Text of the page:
Page:EB1911 - Volume 25.djvu/801

From Wikisource
Jump to navigation Jump to search
This page needs to be proofread.

Founder—have impressed themselves more and more on the teaching and the preaching of every class of clergy in the Church.

See G. G. Bradley, Recollections of A. P. Stanley (1883); R. E. Prothero and G. G. Bradley, Life and Correspondence of Dean Stanley (2 vols., 1893).

STANLEY, EDWARD (1770-1849), bishop of Norwich, the younger brother of the 1st Baron Stanley of Alderley, was born in London and educated at St John's College, Cambridge (16th wrangler, 1802). He was ordained in 1802 and became rector of Alderley, Cheshire, three years later. Here he took a great interest in education, and encouraged especially the teaching of secular subjects at his school. In 1837 he was consecrated bishop of Norwich. The diocese at this time was conspicuous for laxity and want of discipline, and this he proceeded to remedy, although at first he met with much opposition. Ordinations and confirmations were held more regularly and frequently, the schools were properly inspected, the Plurality Act was enforced and undesirable clergy were removed. He was tolerant towards Dissenters and supported all missionary undertakings without regarding their sectarian associations. In politics he was a Liberal and devoted himself especially to educational questions. Dean Stanley (see above) was his third son.

Stanley's letters, Before and after Waterloo (edited by J. H. Adeane and M. Grenfell, 1907), are full of interest to students of Napoleonic history.

STANLEY, SIR HENRY MORTON (1840-1904), British explorer of Africa, discoverer of the course of the Congo, was born at Denbigh, Wales, on the 10th of June 1840.[1] His parents were named Rowlands or Rollant, and his father, who died in 1843, was the son of a small farmer. John Rowlands, by which name Stanley was baptized, was brought up first by his maternal grandfather, and after his death was boarded out by his mother's brothers at half a crown a week. In 1847 he was taken to the St Asaph Union workhouse, where he was noted for his activity and intelligence. The schoolmaster at the workhouse, James Francis (who eventually died in a madhouse), was a tyrant of the Squeers type, and in May 1856, Rowlands, after giving Francis a thrashing, ran away from school. He sought out his paternal grandfather — a well-to-do farmer—who refused to help him. A cousin, however, who was master of a national school at Brynford, took him in as a pupil teacher. But within a year he was sent to Liverpool, where he lived with an uncle who was in straitened circumstances. The lad, after working at a haberdasher's and then at a butcher's shop, engaged himself as a cabin boy on a sailing ship bound for New Orleans, in which city he landed early in 1859. There he obtained a situation through the good offices of a merchant named Henry Morton Stanley, who subsequently adopted the lad as his son, designing for him a mercantile career. To this end young Stanley (as he was henceforth known) was sent to a country store in Arkansas. The merchant shortly afterwards died, without having made further provision for his protege.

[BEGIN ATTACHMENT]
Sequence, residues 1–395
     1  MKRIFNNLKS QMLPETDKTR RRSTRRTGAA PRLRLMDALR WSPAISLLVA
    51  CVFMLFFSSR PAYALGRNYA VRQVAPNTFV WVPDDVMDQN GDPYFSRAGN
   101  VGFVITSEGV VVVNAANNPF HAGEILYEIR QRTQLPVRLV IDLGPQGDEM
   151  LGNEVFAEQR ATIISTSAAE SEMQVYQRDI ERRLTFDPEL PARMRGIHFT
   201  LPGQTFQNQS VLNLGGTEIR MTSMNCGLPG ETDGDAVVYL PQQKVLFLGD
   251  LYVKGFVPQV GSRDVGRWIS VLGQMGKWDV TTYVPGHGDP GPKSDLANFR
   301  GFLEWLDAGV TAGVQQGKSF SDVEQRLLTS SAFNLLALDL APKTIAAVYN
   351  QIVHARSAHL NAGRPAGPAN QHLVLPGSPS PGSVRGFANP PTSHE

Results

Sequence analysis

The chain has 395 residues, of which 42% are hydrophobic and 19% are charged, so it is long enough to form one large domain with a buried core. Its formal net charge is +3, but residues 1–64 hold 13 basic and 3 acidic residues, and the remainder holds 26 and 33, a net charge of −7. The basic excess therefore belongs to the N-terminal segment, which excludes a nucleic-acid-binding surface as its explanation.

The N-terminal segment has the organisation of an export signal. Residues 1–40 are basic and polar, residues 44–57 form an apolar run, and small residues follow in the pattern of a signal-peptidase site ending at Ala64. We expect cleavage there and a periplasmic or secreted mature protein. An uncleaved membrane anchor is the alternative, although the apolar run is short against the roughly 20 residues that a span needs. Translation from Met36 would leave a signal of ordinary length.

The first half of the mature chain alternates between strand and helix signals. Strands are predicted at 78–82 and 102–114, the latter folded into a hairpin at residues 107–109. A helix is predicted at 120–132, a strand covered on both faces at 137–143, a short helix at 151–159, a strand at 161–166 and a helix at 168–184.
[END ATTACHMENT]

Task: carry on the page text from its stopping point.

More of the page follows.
When the Civil War broke out in 1861 Stanley enlisted in the Confederate army; he was taken prisoner at the battle of Shiloh (April 1862), and after two months' experience of the hardships of Camp Douglas, Chicago (where the prisoners of war were confined), he obtained release by enrolling in the Federal artillery. In less than a month he was discharged as unfit. In November 1862 he returned to Liverpool "very poor, in bad health and in shabby clothes," and made his way to Denbigh, but was turned away from his mother's door. This incident deeply affected him. Naturally of a sensitive, affectionate nature, henceforth he practised strong self-suppression and reserve. For a livelihood he took to the sea—was wrecked off Barcelona—and in August 1864 enlisted in the United States navy. According to an apparently authentic story[2] he obtained promotion for swimming 500 yds. and tying a rope to a captured steamer, while exposed to the shot and shell of a battery of ten guns. After the war he crossed the plains to Salt Lake City, Denver, and other parts, acquiring a reputation as a vivid descriptive writer for the press.